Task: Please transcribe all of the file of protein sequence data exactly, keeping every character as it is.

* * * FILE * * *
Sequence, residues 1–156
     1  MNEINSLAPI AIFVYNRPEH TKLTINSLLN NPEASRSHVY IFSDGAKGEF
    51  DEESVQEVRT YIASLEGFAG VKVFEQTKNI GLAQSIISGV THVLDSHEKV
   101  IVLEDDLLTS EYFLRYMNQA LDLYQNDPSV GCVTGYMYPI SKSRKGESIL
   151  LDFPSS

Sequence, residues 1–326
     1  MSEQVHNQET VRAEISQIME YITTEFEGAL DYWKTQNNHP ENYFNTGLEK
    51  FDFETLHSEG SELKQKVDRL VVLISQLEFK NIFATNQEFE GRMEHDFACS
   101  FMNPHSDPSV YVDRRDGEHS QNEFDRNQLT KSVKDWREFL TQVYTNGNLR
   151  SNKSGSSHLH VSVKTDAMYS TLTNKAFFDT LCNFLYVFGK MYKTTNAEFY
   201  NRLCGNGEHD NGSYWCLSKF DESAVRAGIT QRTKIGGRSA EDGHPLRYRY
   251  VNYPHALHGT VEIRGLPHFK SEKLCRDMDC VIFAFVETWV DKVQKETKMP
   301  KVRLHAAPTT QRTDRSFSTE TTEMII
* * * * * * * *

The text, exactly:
Sequence, residues 1–156
     1  MNEINSLAPI AIFVYNRPEH TKLTINSLLN NPEASRSHVY IFSDGAKGEF
    51  DEESVQEVRT YIASLEGFAG VKVFEQTKNI GLAQSIISGV THVLDSHEKV
   101  IVLEDDLLTS EYFLRYMNQA LDLYQNDPSV GCVTGYMYPI SKSRKGESIL
   151  LDFPSS

Sequence, residues 1–326
     1  MSEQVHNQET VRAEISQIME YITTEFEGAL DYWKTQNNHP ENYFNTGLEK
    51  FDFETLHSEG SELKQKVDRL VVLISQLEFK NIFATNQEFE GRMEHDFACS
   101  FMNPHSDPSV YVDRRDGEHS QNEFDRNQLT KSVKDWREFL TQVYTNGNLR
   151  SNKSGSSHLH VSVKTDAMYS TLTNKAFFDT LCNFLYVFGK MYKTTNAEFY
   201  NRLCGNGEHD NGSYWCLSKF DESAVRAGIT QRTKIGGRSA EDGHPLRYRY
   251  VNYPHALHGT VEIRGLPHFK SEKLCRDMDC VIFAFVETWV DKVQKETKMP
   301  KVRLHAAPTT QRTDRSFSTE TTEMII